This spectacular time of year comes after spring and before fall. Many agree that it’s the best season of all. A time where we can all use a splash of replenishment as the days grow longer and the soul longs for sunshine and the sea.

Traditionally, this special season suspends the 3 R’s of reading writing and arithmetic and sets the stage for 2 R’s that are far more gratifying and satisfying to our mental health, rest, and relaxation.

Have you put much thought into making this summer sizzle? If not, it may be time to turn up the heat and consider the following FUN and affordable activities:

stargazing
exercising
gardening
pleasure reading
dancing/movement
yoga/pilates/tai chi
visiting a park/ zoo/ museum/ planetarium
building a treehouse
creating/sketching/ drawing/ painting/sidewalk chalk
praying/ meditating
collecting seashells
building a sand castle
hiking
writing/ sharing your story
kissing
playing board games
playing cards
playing hopscotch
playing sports
serving others
volunteering
baking
floating/ splashing in the sea
cycling/skating/roller blading
caking an ice cream sundae
other

Can you think of ten additions to begin your Summer Bucket List?
FUN things to do that lift your spirits and make your eyes sparkle!
If so, add them to create your unique summer bucket list! Check off as you complete and add other activists as you discover all of the pleasures of summer.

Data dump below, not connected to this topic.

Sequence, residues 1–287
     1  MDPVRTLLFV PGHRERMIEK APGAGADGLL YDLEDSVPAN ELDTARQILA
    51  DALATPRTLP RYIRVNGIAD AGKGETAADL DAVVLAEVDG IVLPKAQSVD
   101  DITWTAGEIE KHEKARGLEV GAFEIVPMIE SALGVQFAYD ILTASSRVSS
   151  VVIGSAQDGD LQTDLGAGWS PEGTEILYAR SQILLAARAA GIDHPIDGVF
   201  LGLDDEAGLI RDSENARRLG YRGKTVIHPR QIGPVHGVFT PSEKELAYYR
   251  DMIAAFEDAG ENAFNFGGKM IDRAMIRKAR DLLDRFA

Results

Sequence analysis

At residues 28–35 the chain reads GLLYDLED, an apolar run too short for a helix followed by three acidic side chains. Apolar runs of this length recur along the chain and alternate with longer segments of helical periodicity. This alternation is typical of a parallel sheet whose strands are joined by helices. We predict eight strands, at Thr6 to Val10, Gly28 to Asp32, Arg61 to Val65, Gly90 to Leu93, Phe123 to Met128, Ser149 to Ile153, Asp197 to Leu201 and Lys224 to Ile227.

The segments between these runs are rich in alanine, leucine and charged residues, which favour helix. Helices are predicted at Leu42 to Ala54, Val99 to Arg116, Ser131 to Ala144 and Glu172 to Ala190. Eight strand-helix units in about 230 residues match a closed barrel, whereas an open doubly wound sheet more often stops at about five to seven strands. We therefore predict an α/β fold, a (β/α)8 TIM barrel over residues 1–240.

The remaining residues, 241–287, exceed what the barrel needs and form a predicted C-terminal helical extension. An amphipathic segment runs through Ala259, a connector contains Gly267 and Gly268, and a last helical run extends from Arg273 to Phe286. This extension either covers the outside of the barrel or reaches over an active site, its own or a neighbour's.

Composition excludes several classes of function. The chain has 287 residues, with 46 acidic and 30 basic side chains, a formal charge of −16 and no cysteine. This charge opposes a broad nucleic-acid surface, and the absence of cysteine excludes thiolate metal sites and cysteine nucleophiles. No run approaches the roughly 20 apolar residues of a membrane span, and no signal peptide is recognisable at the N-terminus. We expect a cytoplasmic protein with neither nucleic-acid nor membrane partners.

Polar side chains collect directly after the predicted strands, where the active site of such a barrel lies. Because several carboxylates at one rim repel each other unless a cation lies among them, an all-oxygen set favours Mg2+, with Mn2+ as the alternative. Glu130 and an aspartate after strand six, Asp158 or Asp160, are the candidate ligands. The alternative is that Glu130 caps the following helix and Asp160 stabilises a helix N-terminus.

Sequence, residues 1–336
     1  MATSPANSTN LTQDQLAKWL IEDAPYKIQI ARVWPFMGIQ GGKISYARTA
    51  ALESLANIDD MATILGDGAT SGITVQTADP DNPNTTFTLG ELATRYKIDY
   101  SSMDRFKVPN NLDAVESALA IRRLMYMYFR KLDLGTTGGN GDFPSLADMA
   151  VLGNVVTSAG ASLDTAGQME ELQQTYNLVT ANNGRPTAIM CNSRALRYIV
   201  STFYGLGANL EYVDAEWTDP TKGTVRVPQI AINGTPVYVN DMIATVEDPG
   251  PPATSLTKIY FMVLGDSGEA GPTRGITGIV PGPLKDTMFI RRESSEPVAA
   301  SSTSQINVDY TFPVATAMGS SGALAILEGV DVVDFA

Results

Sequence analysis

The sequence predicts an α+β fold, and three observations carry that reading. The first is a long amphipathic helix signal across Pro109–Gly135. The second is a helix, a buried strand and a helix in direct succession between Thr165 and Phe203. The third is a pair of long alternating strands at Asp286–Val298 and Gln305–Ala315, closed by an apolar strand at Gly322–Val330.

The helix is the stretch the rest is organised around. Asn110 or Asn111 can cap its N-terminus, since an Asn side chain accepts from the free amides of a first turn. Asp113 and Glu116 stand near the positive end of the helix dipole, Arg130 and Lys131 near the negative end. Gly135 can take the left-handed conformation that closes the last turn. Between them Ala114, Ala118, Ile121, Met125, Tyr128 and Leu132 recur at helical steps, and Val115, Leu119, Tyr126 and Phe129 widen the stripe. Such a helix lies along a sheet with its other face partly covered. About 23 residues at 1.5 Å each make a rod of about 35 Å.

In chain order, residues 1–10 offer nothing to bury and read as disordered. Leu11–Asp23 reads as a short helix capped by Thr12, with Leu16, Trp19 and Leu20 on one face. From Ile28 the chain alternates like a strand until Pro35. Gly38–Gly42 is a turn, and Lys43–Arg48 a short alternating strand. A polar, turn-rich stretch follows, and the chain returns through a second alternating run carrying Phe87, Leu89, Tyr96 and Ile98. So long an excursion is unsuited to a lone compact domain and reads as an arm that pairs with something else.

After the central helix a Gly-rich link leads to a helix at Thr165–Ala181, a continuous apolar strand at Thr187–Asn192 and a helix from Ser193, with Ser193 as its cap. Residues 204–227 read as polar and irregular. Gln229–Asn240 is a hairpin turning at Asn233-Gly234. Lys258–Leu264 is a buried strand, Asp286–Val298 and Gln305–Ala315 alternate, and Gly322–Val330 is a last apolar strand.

Let’s make the most of this awesome season!
Summer… I’m loving it!!

written by: Ria Ruane, MA, RMHCI art work by: Alexa Ruane

Strategize for Success

We have all had times where our best plans get thrown off course. Things outside of our control – pandemics, inflation, layoffs, you name it – change our outlook from one moment to the next. It can be overwhelming and even disheartening when new hurdles make our dreams seem that much farther away. But when life presents setbacks and challenges multiply, it becomes more important than ever to strategize for success – in health, in relationships, in work, and in life.

Strategizing for success is more than repeating positive affirmations while waiting for a storm to pass. It is a decision we make to acknowledge the storm and plan a way through it. We do it when we sort things out in a journal before bed, examine our problems in therapy sessions, and find shared aspirations in conversations with those close to us. Moments like these are opportunities to step outside of our daily cycles and obtain a broader perspective on where we’ve been, where we’re at, and where we’re going.

Strategizing takes focus, concentration, and brutal honesty. Often it requires that we willingly confront the things troubling us most. Taking stock of where we’re at, courageously envisioning where we desire to be, and charting a course to get there is how we renew our motivation to forge ahead when things get rough. Also, it has been said that a person traveling alone will go fast, but people travelling together will go far. Strategizing for success can solidify plans for personal wellbeing, but it is even more powerful when we include the wellbeing of those around us.